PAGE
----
# Chi-Squared Distribution

A random variable is always associated with a probability distribution. When the random variable undergoes mathematical transformation the underlying probability distribution no longer remains the same. Consider a random variable Z whose probability distribution function (PDF) is a standard normal distribution (mean=0 and variance=1). Now, if the random variable is squared (a mathematical transformation), then the PDF of Z

^{2}is no longer a standard normal distribution. The new transformed distribution is called Chi-Squared Distribution with 1 degree of freedom. The PDF of Z and Z

^{2}are plotted in Figure 1.

The mean of the random variable Z is E(Z) = 0 and for the transformed variable Z^{2}, the mean is given by E(Z^{2})=1. Similarly, the variance of the random variable Z is var(Z)=1, whereas the variance of the transformed random variable Z^{2} is var(Z^{2})=2. In addition to the mean and variance, the shape of the distribution is also changed. The distribution of the transformed variable Z^{2} is no longer symmetric. In fact, the distribution is skewed to one side. Also the random variable Z^{2} can take only positive values whereas the random variable Z can take negative values too (note the x-axis in the plots above).

Since the new transformation is based on only one parameter (Z), the degree of freedom for this transformation is 1. Therefore, the transformed random variable Z^{2} follows – “Chi-squared distribution with 1 degree of freedom”.

Suppose, if Z_{1},Z_{2}, …,Z_{k} are independent random variables that follows standard normal distribution(mean=0,variance= 1), then the transformation,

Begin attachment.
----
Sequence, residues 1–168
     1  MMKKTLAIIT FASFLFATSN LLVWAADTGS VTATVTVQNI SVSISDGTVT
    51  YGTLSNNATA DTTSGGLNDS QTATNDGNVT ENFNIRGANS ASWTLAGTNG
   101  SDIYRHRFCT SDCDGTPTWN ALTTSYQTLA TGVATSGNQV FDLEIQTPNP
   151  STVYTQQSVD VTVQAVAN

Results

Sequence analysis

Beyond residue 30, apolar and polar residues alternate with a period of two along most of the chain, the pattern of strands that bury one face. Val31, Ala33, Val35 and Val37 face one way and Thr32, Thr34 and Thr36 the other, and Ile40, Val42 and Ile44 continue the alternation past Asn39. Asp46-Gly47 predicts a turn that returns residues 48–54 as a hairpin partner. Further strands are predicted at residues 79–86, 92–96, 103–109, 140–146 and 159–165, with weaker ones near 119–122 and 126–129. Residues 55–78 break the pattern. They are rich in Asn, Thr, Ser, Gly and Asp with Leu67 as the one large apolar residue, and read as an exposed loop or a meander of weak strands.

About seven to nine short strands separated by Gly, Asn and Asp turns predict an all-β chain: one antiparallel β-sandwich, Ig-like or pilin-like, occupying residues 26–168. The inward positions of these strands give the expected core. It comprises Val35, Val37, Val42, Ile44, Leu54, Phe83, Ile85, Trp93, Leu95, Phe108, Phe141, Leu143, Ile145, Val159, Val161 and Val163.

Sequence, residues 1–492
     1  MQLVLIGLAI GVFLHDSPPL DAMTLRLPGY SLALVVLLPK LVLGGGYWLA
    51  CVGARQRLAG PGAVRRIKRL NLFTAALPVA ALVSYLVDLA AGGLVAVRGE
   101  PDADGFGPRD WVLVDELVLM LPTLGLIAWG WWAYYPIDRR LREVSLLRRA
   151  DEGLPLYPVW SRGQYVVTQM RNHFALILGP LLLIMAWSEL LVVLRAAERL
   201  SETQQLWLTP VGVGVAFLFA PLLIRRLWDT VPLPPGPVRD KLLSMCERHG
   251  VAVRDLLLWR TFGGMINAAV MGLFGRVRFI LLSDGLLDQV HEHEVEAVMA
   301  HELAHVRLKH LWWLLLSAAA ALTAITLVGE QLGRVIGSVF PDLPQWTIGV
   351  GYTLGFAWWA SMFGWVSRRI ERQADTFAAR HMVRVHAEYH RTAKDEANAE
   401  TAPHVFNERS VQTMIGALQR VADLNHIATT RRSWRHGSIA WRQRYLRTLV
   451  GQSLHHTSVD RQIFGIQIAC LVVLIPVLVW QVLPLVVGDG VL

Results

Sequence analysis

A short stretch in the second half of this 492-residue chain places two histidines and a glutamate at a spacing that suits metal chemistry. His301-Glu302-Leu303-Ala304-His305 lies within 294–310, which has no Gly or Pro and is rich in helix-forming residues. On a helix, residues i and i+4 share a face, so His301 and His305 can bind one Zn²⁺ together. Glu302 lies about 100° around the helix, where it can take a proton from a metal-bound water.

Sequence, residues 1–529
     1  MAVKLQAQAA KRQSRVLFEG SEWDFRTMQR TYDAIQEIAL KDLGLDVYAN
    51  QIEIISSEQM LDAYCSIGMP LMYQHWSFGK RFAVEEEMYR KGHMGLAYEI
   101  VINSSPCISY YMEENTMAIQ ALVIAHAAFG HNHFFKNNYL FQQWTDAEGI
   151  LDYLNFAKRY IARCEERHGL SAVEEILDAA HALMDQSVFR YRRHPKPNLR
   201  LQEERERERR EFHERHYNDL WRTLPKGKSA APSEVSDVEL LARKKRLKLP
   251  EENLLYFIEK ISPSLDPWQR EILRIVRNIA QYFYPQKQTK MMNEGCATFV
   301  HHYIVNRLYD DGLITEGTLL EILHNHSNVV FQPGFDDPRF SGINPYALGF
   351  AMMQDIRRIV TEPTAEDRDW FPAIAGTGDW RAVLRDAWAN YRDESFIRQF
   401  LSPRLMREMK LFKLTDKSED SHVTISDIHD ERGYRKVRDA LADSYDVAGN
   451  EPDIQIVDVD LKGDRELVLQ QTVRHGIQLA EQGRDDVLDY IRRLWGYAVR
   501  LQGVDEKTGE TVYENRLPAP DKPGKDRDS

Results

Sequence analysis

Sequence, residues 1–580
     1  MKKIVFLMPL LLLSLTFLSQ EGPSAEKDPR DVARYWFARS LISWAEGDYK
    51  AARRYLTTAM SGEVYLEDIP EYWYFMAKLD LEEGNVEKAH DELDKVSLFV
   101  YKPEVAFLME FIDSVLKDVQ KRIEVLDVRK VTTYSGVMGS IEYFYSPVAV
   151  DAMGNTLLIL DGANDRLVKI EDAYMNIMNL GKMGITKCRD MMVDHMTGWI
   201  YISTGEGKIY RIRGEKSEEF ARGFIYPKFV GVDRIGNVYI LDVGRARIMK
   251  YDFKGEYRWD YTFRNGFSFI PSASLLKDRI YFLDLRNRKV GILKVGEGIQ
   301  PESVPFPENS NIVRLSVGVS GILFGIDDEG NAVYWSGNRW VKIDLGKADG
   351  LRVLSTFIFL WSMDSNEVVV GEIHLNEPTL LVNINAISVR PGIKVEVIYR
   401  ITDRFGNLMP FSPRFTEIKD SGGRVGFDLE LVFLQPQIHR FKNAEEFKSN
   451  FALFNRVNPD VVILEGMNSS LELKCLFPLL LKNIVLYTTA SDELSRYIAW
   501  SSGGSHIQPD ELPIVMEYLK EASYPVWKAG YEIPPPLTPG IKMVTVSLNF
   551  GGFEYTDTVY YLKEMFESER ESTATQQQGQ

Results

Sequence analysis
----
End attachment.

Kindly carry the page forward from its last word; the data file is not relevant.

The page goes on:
is a Chi-squared distribution with k degrees of freedom. The following figure illustrates how the definition of the Chi-squared distribution as a transformation of normal distribution for 1 degree of freedom and 2 degrees of freedom. In the same manner, the transformation can be extended to ‘k’ degrees of freedom.

The above equation is derived from k random variables that follow standard normal distribution. For a standard normal distribution, the mean=0. Therefore, the transformation is called “central” Chi-square distribution. If, the underlying ‘k’ random variables follow normal distribution with non-zero mean, then the transformation is called “non-central” Chi-square distribution. In channel modeling, the central Chi-square distribution is related to Rayleigh Fading scenario and the non-central Chi-square distribution is related to Rician Fading scenario.

Mathematically, the PDF of the central Chi-squared distribution with ‘k’ degrees of freedom is given by

The mean and variance of the central Chi-squared distributed andom variable is given by

## Applications:

Chi-squared distribution is used in hypothesis testing (to compare the observed data with expected data that follows a specific hypothesis) and in estimating variances of a parameter. It is related to Rayleigh distribution.

## Matlab Simulation:

The following Matlab code is used to simulated central Chi-squared distributed variables with degrees of freedom = 1,2,3,4 and 5. Finally the PDFs of the simulated variables are plotted.

Check this book for full Matlab code.

Simulation of Digital Communication Systems Using Matlab – by Mathuranathan Viswanathan

## See Also:

[1] Introduction to Random Variables, PDF and CDF

[2] Non-central Chi-squared distribution and its simulation in Matlab

[3] Uniform Random Variables and Uniform Distribution

[4] Derivation of Error Rate Performance of an optimum BPSK receiver in AWGN channel

[5] Eb/N0 Vs BER for BPSK over Rician Fading Channel

[6] BER Vs Eb/N0 for QPSK modulation over AWGN

[7] BER Vs Eb/N0 for 8-PSK modulation over AWGN

[8] Simulation of M-PSK modulation techniques in AWGN channel

[9] Performance comparison of Digital Modulation techniques

## External Links:

[1] Chi-Square Test Penn State University

[2] Java Applet – Chi Square goodness of Fit test – created by David Eck and modified by Jim Ryan – Mathbeans project

[3] Chi-Square Test for variance ,e-handbook of statistical methods,National Institute of Standards and Technology

[4] [4] Dr. Claude Moore,Estimation of Variance,Cape Fear Community College

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